Jonathan Boyarin's feelings toward the Yiddish language go beyond mere scholarship.
"I heard a lot of Yiddish in my childhood, growing up in a community of Jewish chicken farmers," he says. "I can't say I learned the language there, but I picked up a heritage of nostalgia for it at least."
Now, Boyarin is trying to help share that heritage with Kansas University students and to turn KU into a hub for Yiddish study.
He's in his second year as a professor of Jewish studies at KU, an endowed position that allows him to travel back to the lower east side of Manhattan about twice a month, where his wife still lives.
Boyarin, 50, took a winding road to get to university scholarship after first studying Yiddish in the late 70s.
"I was absolutely thrilled," he says, "that, after more than 20 years, I had a chance to come into the university system, and at a level which gave me the freedom to explore this field by my own lights."
Yiddish certainly has made its impact on American language and culture.
Yiddish words - shmooze, shmok, chutzpah, shlep and others - have crept into American English.
But it continues to be the primary language in pockets around the world, including Jewish communities in New York City and in western Europe, and in parts of Israel.
"It's still a living language," Boyarin says. "Most recently, it seems to be agreed in the last decade the number of speakers had declined, but it's starting to grow again in parts of the Orthodox Jewish world."
Zalman Tiechtel, rabbi at the Chabad Jewish Center, grew up speaking Yiddish in New York. He also is a friend of Boyarin's.
"It's more a cultural aspect of Judaism," he says. "Yiddish to me personally is a very dear language. So many communities are still speaking strictly Yiddish. You speak it at the schoolhouse, in the streets."
Tiechtel says he thinks the Yiddish revival is a result of people wanting to feel more connected to their Jewish identities.
"I definitely think it's becoming more popular," Tiechtel says. "People feel connected. It's the language of their parents and grandparents."
Yiddish finds its roots in late Medieval Germany. It includes a mix of Hebrew, Aramaic, German and Slavic languages, among other influences.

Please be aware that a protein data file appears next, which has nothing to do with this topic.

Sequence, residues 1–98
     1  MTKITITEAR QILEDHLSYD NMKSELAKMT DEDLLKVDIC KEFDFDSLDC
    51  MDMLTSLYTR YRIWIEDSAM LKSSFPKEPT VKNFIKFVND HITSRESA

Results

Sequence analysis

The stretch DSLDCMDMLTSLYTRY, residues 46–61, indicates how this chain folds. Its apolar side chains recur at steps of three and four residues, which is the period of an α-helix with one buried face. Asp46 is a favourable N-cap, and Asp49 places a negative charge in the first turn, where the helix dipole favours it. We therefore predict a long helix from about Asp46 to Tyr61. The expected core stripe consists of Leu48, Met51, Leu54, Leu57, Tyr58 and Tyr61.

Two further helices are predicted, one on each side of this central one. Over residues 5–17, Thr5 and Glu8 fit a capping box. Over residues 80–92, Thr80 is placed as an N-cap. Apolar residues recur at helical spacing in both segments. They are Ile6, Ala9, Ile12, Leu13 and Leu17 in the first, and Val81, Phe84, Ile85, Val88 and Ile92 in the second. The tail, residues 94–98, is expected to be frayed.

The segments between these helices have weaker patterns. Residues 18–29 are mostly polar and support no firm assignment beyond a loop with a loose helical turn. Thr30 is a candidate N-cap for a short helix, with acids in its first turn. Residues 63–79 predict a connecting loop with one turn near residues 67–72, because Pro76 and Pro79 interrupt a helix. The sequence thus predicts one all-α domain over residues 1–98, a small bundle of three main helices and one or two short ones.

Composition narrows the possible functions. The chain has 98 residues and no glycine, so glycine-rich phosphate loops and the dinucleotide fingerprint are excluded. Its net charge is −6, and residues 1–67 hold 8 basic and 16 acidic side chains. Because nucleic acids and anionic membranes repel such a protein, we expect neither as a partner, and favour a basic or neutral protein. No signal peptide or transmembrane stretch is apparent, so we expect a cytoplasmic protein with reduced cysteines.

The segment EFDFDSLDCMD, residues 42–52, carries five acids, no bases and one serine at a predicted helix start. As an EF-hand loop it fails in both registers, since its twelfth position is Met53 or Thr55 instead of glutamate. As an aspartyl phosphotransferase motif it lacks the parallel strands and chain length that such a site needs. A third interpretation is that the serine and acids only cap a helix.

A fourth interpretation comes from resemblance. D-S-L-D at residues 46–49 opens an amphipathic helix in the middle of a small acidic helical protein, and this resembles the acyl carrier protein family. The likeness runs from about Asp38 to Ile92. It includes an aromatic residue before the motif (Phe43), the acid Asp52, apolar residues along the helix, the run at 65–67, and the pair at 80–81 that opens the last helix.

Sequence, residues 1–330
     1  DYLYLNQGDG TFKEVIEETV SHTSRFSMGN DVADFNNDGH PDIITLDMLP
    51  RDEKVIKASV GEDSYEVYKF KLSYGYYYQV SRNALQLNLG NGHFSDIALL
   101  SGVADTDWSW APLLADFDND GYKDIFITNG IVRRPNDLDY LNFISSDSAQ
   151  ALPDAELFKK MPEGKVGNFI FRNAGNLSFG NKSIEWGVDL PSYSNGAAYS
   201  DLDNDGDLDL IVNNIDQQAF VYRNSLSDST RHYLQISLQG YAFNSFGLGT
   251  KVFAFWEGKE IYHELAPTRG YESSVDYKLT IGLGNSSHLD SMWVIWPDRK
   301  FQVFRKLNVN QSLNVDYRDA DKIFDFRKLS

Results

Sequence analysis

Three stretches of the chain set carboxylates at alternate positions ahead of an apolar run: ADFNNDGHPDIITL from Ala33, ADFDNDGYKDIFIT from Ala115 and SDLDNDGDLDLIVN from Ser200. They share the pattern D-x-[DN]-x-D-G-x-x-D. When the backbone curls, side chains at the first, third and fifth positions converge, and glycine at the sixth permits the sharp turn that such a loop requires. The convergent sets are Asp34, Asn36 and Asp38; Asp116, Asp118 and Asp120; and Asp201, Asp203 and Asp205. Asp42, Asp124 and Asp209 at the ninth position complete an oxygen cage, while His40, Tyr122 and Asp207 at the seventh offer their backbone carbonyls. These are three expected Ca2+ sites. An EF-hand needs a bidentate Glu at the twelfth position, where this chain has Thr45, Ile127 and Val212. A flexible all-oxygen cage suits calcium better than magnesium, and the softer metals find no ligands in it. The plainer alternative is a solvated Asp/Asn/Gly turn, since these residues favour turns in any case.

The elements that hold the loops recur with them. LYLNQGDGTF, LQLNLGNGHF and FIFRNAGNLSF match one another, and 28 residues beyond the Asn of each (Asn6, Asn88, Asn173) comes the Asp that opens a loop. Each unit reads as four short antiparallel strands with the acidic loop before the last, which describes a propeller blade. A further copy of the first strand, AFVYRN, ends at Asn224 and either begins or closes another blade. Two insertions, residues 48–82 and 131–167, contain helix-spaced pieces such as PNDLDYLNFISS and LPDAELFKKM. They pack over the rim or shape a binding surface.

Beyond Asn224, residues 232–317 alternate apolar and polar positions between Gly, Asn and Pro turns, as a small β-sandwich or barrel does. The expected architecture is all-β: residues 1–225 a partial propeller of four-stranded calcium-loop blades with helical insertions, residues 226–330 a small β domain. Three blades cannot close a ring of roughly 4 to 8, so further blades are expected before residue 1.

Do you use yiddish?
- Chutzpah (pronounced KHOOTS-pah) - Nerve; insolence; presumption and arrogance
- Nosh - Snack; bite
- Shmaltz - Chicken fat; lard; corn; pathos; mawkishness
- Shmok - Self-made fool; obscene for penis; derisive term for a man
- Shmooze - To chat; network
- Shmutz - Dirt; grime
- Shlep - To drag; to accept a burden greater than anyone should be expected to bear
"Yiddish is a great example of what linguists call a Creole or fusion or hybrid language," Boyarin says. "But make no mistake - it is a real language."
Gradually, the language spread as its original speakers emigrated from the area.
Yiddish didn't just end up in larger cities. Boyarin says there was a significant Yiddish-speaking population in Leavenworth in the late 1800s.
And there apparently was Yiddish spoken at the Battle of Black Jack, the 1856 skirmish near Baldwin that scholars say was the first armed conflict of the Civil War.
August Bondi, a free state man, later wrote recalling a conversation he had with another man, Theodore Weiner, during the battle about abolitionist icon John Brown.
"Nu, was meinen Sie jetzt?" Bondi asked. Translated, it means "Now, what do you think of this?"
Weiner replied in Hebrew: "Sof odom muves," meaning, "The end of man is death."
Start of scholarship
Boyarin's own interest in Yiddish was sparked in 1977, when he took an intensive summer language course from Columbia University.
Hear Jonathan Boyarin read in Yiddish
He later used Yiddish to conduct interviews for "Polish Jews in Paris: The Ethnography of Memory," a book he wrote in 1991. He also has edited or contributed to several other books on Yiddish and Jewish culture.
Boyarin continued some scholarship on Yiddish, but only on the side. He received his law degree from Yale in 1998, but knew someday he wanted to return to studying Yiddish full-time.
"It's a growing community," he says of Yiddish scholars, "to the extent that Yiddish remains alive. Universities have been more and more important as the center of gravity for Yiddish scholarship and continuity."
Tim Miller, professor and interim chairman of the religious studies department at KU, says Boyarin is key to an increased emphasis on Jewish studies, including the recently added Jewish studies minor.
"He's had this experience in this larger society doing things that aren't classically academic," Miller says. "Meanwhile, he's been doing academic things on his own. Really, it's the best of both worlds."
Boyarin currently is translating Abraham Joshua Heschel's "Kotzk: The Struggle for Integrity," a well-known Jewish text, into English. He's also planning a study on a Yiddish-speaking community in New York that has seen a resurgence in young residents.
Boyarin says he hopes to continue encouraging people to learn Yiddish. And he's looking forward to knowing more about Jewish people in Kansas.
"I told my wife last weekend it feels like I'm in New York on weekends to be Jewish and in Kansas during the week to teach it," Boyarin says. "That's a cute line, but I wouldn't want to say that without also saying I'm very interested in what it means to be Jewish here."